“Communication #9” (“About the weaving of clusters. The natural electric orchestra. The amplifier.”), oddly enough, might be the “weakest” piece here at the same time as it could be the finest thing Coryell ever recorded. I remember reading an interview with Coryell a long while back wherein he expressed his frustration that every time he’d make what he thought was a significant advance in pushing forward the possibilities of the electric guitar, he’d soon find out that Hendrix had beaten him by a few months. Well, here in May of ’68, he’s certainly pressing at boundaries, at least those walls set up in the galaxy apart from Rowe and Bailey. The orchestration is sparer, piano and high string harmonics supporting quietly harsh brass that feed directly into the initial feedback-laden guitar. Photos from the session show Coryell engaged in a wrestling match, his guitar vs. the amp; perhaps half of his time here is spent wringing feedback from his axe, a bit more up front than were Cherry and Barbieri, and maybe indulging, in this context, in a tad more flashy playing than necessary, but nonetheless impressive.
Steve Swallow’s gorgeous, questioning bass introduces “Communications #10” (“Expansion. The exquisite low horn”), worth the price of entry on its own, before the elegiac reeds and brass, evocative of some of Carla Bley’s writing, usher in the body of the piece, again laying a substantial bed, open to and full of possibilities from which the featured player emerges, here Roswell Rudd, his natural buoyancy spiced with no small amount of mordancy and even the tinge of despair. Beckett is never far from Mantler’s conception.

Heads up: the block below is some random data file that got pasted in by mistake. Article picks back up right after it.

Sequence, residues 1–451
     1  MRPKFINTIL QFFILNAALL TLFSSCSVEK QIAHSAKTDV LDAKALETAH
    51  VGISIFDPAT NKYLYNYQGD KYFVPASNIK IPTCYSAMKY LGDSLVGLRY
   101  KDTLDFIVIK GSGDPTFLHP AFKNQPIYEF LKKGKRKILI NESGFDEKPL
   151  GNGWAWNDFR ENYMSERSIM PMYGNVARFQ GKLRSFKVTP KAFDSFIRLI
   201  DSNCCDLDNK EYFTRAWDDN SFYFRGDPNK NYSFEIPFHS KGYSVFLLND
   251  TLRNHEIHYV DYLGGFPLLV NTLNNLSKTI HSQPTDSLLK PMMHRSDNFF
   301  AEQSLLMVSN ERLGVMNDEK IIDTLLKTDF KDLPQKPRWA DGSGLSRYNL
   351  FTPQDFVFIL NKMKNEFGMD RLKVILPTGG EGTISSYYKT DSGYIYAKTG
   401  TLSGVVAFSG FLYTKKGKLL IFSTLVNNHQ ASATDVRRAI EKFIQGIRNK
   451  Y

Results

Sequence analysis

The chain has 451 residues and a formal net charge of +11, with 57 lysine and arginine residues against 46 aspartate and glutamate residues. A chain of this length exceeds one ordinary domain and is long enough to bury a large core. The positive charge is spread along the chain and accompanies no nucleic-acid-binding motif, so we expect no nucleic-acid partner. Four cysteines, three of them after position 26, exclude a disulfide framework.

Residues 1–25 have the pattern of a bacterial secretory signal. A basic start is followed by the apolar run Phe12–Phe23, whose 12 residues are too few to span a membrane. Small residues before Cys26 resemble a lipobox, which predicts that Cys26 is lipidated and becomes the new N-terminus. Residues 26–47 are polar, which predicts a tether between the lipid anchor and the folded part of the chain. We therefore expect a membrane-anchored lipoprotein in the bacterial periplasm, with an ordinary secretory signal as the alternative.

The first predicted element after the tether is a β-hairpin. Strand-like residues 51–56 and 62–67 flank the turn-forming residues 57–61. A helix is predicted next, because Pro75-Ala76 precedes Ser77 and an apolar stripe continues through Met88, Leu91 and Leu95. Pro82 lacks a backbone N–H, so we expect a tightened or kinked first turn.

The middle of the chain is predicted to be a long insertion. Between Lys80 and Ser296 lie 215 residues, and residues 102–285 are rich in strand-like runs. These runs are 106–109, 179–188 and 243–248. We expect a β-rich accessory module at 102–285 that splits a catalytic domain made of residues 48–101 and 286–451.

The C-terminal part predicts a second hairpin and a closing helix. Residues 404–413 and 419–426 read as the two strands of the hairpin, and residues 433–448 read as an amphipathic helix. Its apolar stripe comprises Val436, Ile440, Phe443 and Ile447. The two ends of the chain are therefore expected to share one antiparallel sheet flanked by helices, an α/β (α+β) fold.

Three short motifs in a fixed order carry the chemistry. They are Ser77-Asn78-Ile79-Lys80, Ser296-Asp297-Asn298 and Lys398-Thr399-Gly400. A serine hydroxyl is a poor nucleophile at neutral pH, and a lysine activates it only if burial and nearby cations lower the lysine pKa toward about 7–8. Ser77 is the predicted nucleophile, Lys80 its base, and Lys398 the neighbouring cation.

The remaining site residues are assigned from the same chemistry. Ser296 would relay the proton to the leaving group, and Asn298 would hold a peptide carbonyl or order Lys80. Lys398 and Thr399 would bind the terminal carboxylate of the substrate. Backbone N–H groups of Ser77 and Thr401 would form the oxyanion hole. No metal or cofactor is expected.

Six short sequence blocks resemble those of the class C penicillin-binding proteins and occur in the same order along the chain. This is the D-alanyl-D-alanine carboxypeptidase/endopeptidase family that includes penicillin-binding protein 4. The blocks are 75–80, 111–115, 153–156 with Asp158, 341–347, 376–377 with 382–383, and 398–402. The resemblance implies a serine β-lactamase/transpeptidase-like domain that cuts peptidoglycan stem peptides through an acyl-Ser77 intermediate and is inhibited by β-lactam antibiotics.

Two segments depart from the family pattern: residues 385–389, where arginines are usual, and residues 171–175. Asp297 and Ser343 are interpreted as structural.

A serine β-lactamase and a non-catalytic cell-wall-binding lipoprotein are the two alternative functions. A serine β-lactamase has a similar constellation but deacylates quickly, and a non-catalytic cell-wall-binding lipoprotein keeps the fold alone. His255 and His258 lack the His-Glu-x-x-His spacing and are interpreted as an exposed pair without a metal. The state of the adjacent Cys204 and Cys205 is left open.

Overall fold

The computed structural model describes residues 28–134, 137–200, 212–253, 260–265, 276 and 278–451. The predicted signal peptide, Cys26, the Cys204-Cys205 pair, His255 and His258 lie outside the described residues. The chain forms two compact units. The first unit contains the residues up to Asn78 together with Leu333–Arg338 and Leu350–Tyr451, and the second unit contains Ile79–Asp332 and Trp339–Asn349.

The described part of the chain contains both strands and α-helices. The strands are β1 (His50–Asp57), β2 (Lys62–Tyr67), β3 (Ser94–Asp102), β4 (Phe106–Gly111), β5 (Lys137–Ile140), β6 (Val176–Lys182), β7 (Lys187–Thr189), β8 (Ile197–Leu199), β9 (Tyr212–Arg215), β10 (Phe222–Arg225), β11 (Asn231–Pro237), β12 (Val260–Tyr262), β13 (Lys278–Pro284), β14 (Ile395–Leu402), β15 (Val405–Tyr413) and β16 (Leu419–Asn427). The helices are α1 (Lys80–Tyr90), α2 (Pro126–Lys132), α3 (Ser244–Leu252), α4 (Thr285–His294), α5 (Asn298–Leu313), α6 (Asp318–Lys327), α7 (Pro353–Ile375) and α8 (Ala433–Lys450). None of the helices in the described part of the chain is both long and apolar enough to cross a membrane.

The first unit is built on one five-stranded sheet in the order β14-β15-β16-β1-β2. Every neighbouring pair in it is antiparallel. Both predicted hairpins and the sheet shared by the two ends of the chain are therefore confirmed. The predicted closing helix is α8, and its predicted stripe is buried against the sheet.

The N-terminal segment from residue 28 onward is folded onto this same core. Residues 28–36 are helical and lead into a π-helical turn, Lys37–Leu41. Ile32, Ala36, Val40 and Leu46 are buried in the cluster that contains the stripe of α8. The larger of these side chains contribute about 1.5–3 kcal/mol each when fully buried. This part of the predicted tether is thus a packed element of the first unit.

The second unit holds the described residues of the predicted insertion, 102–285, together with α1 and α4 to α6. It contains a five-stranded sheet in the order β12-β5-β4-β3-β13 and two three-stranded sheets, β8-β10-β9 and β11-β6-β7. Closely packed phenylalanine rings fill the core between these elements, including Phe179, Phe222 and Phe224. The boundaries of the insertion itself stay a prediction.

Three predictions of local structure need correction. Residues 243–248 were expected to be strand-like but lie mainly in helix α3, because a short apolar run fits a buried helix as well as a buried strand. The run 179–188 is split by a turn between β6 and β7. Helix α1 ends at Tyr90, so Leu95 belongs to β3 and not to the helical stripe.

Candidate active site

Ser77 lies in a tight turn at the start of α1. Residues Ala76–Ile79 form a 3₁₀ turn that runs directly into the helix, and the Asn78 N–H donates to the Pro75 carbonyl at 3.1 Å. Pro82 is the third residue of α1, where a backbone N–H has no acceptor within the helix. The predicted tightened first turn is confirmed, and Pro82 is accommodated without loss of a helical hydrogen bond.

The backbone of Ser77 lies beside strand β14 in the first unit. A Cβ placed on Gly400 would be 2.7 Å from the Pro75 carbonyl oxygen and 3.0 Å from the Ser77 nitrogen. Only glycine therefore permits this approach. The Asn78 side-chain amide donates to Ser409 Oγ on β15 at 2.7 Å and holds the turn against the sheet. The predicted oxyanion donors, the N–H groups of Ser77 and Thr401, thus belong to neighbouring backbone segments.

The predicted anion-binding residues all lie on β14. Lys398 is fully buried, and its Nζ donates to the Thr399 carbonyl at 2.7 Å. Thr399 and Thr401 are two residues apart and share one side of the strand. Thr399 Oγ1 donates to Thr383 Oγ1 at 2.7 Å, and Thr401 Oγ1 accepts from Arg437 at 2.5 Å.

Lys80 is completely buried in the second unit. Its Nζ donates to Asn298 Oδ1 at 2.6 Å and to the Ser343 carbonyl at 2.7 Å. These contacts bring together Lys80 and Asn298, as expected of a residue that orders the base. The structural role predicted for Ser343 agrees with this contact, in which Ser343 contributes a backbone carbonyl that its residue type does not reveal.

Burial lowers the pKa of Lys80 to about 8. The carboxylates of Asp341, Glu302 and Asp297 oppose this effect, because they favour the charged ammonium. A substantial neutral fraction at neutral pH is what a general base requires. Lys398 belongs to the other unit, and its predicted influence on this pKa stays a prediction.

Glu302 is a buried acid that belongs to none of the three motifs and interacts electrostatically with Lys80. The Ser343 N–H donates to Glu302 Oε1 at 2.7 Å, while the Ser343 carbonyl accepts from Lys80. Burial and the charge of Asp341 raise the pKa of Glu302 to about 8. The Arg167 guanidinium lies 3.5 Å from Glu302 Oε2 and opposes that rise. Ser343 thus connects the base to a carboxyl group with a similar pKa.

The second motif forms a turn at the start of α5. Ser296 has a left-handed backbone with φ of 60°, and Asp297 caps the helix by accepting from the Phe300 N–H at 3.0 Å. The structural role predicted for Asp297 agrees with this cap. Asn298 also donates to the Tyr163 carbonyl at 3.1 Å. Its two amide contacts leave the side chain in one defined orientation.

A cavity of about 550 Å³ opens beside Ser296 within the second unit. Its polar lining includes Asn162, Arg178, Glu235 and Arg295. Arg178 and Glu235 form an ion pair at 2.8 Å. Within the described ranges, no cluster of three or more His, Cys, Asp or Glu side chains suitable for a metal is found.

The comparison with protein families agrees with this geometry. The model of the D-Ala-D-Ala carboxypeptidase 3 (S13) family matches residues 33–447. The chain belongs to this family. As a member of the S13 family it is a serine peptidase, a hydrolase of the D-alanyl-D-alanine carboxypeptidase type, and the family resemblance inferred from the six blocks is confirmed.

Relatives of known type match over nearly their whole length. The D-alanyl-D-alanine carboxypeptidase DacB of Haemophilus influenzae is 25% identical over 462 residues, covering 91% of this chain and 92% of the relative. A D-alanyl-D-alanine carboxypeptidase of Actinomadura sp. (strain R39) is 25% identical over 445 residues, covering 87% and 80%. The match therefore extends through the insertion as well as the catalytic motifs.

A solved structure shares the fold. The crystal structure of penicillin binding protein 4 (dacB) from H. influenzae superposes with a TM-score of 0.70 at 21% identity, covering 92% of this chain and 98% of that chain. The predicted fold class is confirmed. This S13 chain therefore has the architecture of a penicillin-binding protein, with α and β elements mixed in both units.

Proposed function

“to have done then at last with all that last scraps very last when the panting stops and this voice to
have done with this voice namely this life.”
Rudd trends toward his horn’s lower reaches, bringing forth guttural shouts from the surly orchestral growls. As with the others, it’s difficult to think of a finer, more expansive performance from him, as though Mantler had provided exactly the right framework and accompaniment, especially Beaver Harris here, on drums.
And then there’s “Preview”, a 3:23 blast furnace attack with white hot slag erupting from the bell of Pharoah Sanders’ tenor over the incessant, almost martial throb of the orchestra. No let up, start to finish, one of the mostly densely packed, insanely ecstatic performances on record, something guaranteed to send the neighbors fleeing in alarm. Has Sanders ever sounded this volcanic elsewhere? Is there another example where concision and raw power are so perfectly combined? An exhausting, astonishing work.